From the post-apocalyptic world of “The Walking Dead”, to the Los Angeles gangster life in the 1940’s, Frank Darabont now brings us “Mob City”. TNT’s most recent mini-series focuses on the lives of the cops involved in trying to bring down Bugsey Seigel (Ed Burns), Mickey Cohen (Jeremy Luke), and the rest of the LA mob. On the frontlines is Detective Joe Teague (Jon Bernthal), whose strange goal throughout the season is to keep his ex-wife safe.
As far as neo-noirs go, “Mob City” is hitting all the right points. It’s got all the elements needed for it to be considered a true reincarnation of that era. The set design and visuals are all excellent and authentic and the show certainly looks very real. The plot also makes sense and everything can be logically followed; point A leads to point B, and does not skip to H or L. But the problem lies here: no matter how nice a show looks, how well thought out it may be, if your characters are bland and boring, and we can’t understand why they do the things they do, there’s going to be a problem.
“Mob City’s” protagonist is the biggest problem. Joe Teague is supposed to be this poor cop that’s accidentally pulled into all this madness in the fight between the LAPD and the mob, but most of the time, he brings trouble down on himself . . . and not for very good reason, either. At the end of the first episode, he commits murder in the name of ‘love’, but we as an audience are given no hint that this is what’s motivating him, nor any other plausible reason at all for his actions. For a one-time thing, this might have been acceptable, but that’s all Joe does. And to make matters worse, Joe is just as plain as his name. I was rooting for one of the murderers to win against him, because at least the other guy seemed a little bit interesting and, oh, alive.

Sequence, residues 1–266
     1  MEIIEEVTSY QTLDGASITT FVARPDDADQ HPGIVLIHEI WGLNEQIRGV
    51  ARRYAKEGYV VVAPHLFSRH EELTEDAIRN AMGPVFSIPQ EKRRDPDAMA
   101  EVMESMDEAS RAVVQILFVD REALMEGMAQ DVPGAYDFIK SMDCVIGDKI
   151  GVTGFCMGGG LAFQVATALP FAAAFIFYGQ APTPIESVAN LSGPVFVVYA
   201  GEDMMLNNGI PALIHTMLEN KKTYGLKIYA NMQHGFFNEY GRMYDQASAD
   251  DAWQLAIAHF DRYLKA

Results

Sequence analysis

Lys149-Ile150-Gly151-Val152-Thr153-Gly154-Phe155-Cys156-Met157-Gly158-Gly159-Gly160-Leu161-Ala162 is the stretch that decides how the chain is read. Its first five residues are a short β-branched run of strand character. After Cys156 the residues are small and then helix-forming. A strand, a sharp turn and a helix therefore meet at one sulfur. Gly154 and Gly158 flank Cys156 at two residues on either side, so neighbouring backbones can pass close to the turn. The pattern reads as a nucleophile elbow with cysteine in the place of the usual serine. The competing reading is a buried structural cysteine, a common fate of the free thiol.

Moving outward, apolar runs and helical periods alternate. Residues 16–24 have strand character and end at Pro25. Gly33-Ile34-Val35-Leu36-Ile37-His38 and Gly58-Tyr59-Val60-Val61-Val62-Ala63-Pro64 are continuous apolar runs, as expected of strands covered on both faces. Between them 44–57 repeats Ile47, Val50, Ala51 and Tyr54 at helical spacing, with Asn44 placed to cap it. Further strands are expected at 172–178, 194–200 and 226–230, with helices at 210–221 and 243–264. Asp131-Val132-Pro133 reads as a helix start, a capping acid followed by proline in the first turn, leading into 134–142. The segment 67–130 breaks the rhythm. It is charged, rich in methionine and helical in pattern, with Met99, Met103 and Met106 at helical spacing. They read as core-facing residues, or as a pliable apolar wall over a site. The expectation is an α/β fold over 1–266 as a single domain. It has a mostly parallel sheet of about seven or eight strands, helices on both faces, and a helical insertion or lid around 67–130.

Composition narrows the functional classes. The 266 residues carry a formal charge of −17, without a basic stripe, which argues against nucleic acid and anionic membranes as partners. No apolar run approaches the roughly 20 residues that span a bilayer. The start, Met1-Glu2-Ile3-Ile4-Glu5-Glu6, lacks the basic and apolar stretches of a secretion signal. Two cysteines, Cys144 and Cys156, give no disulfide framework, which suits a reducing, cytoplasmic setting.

Bland characters pretty much pollute “Mob City”. Everyone is a stock character with little to no personality of their own and the show is completely and utterly focused on simply having characters act the way they do to advance the plot. Motivations appear way too late, if they come at all, and everyone is generally mysterious and aloof for no reason. The only characters who have even a smidgen of personality are Micky Cohen and Sid Rothman, a skilled murderer working for Cohen and Siegel.
I think the other big problem that “Mob City” has is its misdirected focus. Darabont and the rest of the writers may have had a bigger idea for their show, but it looks like they were putting too much faith in a second season to explore their plot and the conflict between Mickey Cohen and William H. Parker. But “Mob City” would have benefited greatly from having a contained plot that spanned just this one season, and then worrying about what comes next. The story of Cohen and Parker isn’t new to TV or movies; we would have guessed that there is more to come, should they get a second season. Instead, whatever potential “Mob City” might have had got squandered in the effort to have a bigger story than was needed.
It’s not surprising at all that “Mob City” got brushed to the burn-off season when everyone else is much too busy re-watching all their favourite Christmas movies. There’s really nothing new here, but if you want some old, predictable gangster story, check out “Mob City”.